We then headed for a short trek around 30 minutes until we reached a river crossing. There were only a few river crossings that didn’t have stones you could walk on to avoid taking your shoes off however this wasn’t one of them and at 7 in the morning the water was cold!
When we crossed the river we saw the start of the 1200 steps we needed to climb to get to the city.
Rodora decided to take her mind off the long climb by counting all the steps. However, as there were some very small steps that we weren’t sure counted as a step, she missed a few as she only ended up counting to 700.
This is when our tour of the lost city began. Yay; we finally made it. The city was absolutely breathtaking. This city in the middle of the jungle use to be inhabited is mind blowing. There were countless photo opportunities, but this one was our favourite.
On the way back we met a toucan who had hurt his wing.
The last couple of days were chilled as we didn’t have to walk as much and had plenty of time to swim and jump into water holes. The American unfortunately didn’t make it and had gone back to Santa Marta while we climbed up to the city. This also meant we didn’t have a guide for two days, but it was just unlucky.
On the way back we also passed numerous mules carrying supplies back from the trek. This is how all our food is transported during the hike.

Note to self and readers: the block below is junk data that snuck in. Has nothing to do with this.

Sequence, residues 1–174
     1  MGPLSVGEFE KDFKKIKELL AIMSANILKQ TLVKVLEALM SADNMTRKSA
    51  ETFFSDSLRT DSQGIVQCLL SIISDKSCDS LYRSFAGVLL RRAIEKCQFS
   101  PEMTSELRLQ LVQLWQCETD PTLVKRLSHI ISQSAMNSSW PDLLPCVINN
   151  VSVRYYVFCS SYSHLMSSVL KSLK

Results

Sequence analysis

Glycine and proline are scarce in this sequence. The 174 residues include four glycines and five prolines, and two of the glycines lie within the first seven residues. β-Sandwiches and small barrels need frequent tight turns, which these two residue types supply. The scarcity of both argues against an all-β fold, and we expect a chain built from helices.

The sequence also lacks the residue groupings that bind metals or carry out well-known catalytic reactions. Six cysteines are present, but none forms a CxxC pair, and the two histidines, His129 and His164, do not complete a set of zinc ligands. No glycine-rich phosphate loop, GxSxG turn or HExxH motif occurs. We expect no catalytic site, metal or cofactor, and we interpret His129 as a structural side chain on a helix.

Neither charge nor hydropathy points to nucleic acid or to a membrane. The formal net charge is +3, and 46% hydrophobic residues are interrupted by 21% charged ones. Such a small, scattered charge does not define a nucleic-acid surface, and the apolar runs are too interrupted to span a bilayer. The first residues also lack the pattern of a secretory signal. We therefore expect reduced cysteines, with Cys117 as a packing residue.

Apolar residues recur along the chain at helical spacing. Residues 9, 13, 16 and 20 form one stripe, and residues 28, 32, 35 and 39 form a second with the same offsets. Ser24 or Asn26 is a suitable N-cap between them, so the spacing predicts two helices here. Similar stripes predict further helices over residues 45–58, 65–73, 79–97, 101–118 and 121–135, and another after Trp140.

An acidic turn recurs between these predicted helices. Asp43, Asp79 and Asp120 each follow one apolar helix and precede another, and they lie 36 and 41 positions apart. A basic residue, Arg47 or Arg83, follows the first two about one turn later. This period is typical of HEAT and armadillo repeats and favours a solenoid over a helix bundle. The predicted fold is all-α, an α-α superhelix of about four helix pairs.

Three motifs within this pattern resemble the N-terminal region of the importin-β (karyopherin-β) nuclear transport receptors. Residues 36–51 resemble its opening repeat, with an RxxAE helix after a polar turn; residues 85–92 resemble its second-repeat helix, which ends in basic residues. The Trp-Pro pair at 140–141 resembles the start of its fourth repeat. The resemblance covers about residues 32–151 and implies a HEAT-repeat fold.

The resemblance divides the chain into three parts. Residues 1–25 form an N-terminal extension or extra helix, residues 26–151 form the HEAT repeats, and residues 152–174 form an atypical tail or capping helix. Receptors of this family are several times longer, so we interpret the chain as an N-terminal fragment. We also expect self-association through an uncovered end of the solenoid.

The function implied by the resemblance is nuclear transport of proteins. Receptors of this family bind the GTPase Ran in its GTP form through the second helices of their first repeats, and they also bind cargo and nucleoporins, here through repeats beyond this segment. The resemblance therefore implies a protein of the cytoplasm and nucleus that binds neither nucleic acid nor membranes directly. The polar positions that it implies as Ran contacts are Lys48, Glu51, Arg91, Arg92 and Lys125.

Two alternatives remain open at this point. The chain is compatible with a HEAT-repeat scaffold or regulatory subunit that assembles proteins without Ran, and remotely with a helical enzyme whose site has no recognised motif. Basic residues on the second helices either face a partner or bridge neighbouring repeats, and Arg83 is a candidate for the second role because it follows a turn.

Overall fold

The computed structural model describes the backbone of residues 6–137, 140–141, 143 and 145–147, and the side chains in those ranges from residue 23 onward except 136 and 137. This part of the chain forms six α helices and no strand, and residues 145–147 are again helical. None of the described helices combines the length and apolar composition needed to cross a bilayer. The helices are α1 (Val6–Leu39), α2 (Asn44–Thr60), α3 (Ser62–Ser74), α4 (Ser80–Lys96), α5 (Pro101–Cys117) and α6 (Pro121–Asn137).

We made it back
Yay; we finally make it back to the starting point. We heard loud bangs as we entered the little town and knew pretty quickly it was the game of Tejo we’d read about. Our guide was happy enough to show us how to play. This is a traditional game for the working class in which a metal puck is thrown into a board covered in clay. In the middle of this board is a circular metal ring in which there are two triangles (the gun powder). The aim is to get the highest points and hit the gun powder. The loser buys the winner a beer.
In summary, with our current physical condition being quite good, the hike was not too physically challenging. However, it was definitely worth doing as the experience of hiking through the jungle, country side while swimming in a beautiful oasis to get to an amazing ruin site is priceless.
Plenty more to explore. Keep following the blog and our Flickr account for updates. http://www.flickr.com/photos/toraadventure/